A year later, in Carter v. Carter Coal Co.,20 the Supreme Court held invalid a provision of the Bituminous Coal Conservation Act that allowed a majority of coal miners and producers to establish wage and hour standards for the entire industry. The Court concluded that the arrangement was “legislative delegation in its most obnoxious form; for it is not even delegation to an official or an official body, presumptively disinterested, but to private persons whose interests may be and often are adverse to the interests of others in the same business.”21

Other decisions similarly stress the need for oversight of any private standard-setting body by a governmental entity that is ultimately responsible for making policy. For example, courts have upheld the SEC’s delegation of the registration of broker-dealers to the National Association of Securities Dealers (NASD) as a valid exercise of power on the ground that the NASD’s rules and disciplinary actions were “subject to full review by the S.E.C., a wholly public body, which must base its decision on its own findings.”22

The SEC’s regulatory oversight of self-regulatory organizations (SROs) like the NASD, and now the Financial Industry Regulatory Authority, stand in marked contrast to its present relationship with FASB. The SROs’ rules must be submitted to the SEC, which undertakes notice-and-comment rulemaking, ultimately publishing a final rule in the Federal Register before any new rule can take effect.23 Notably, in Sarbanes-Oxley itself, Congress stated that “[n]o rule of the [PCAOB] shall become effective without prior approval of the Commission in accordance with this section, other than as provided in section 7213(a)(3)(B) of this title with respect to initial or transitional standards.”24 By contrast, the SEC has construed Sarbanes-Oxley to permit it to adopt even future FASB standards wholesale, not on a standard-by-standard basis after analyzing each FASB pronouncement on its merits. In practice, what this effectively means is that the SEC fails to exercise any “apparent discrimination” with respect to FASB standards—at least until the point that the SEC makes enforcement decisions. Rather, all FASB standards are accorded “authoritative” status and have the effect of legal requirements to which public companies are compelled to comply. And lest we forget, it’s not just accounting rules that flow through and out of FASB, but criminal law as well. And while no one has been locked up for disobeying the rules of a private think tank, at least not yet, company CFOs are by no means the only ones who should be concerned.

Throughout the years, the Supreme Court has bristled at the prospect of private-entity rulemaking, in part fearing private insulation from public accountability.25 Accordingly, there is strong support for an argument that the SEC’s prospective endorsement (and ultimately enforcement) of new accounting standards adopted by FASB is unconstitutional. Unlike Sunshine Anthracite26 and other cases upholding the delegation of power to private organizations, the SEC’s control and oversight over FASB is slight at best. The SEC does not control the appointment or removal of members of FASB, does not clearly control the FASB agenda, and as currently practiced, does not approve FASB standards through notice-and-comment rulemaking or otherwise act to make the final decisions itself. As one appellate judge boiled it down: “[A] federal agency may turn to an outside entity for advice and policy recommendation, provided the agency makes the final decisions itself . . . . An agency may not, however, merely ‘rubber stamp’ decisions made by others under the guise of seeking their ‘advice,’ nor will vague or inadequate assertions of final reviewing authority save an unlawful subdelegation.”27 Because an agency may not merely “rubber stamp” decisions made by private entities under the guise of seeking their “advice,” the SEC’s anticipatory blessing of all FASB actions raises considerable structural and constitutional concerns.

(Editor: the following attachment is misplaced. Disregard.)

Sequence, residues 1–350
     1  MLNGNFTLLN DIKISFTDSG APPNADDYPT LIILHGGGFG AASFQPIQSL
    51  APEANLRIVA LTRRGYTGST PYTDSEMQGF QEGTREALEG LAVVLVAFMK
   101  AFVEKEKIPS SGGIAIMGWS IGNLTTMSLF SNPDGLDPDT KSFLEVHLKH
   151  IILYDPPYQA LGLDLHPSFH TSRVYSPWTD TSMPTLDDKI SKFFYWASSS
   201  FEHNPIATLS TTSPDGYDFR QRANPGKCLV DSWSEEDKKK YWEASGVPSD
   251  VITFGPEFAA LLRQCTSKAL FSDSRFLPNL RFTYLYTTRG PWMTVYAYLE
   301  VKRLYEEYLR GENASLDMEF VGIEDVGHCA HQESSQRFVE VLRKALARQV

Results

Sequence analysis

Of course, as in any minefield, one must tread carefully, and contrary arguments abound. Specifically with respect to international convergence, Sarbanes-Oxley itself requires FASB to “consider[] . . . the need to keep standards current in order to reflect changes in the business environment [and] the extent to which international convergence on high quality accounting standards is necessary or appropriate . . . .”28 The SEC has issued concept releases and statements endorsing convergence and setting forth various work streams and timelines. And because FASB has “Rules of Procedure” that are based on the APA and require open meetings and opportunity for public comment, among other things, supporters of convergence undoubtedly will argue that there is no issue of unaccountability.29 They might also argue that there is sufficient government oversight because the SEC can act to disapprove specifically any FASB standard,30 with ultimate and final recourse to Congress.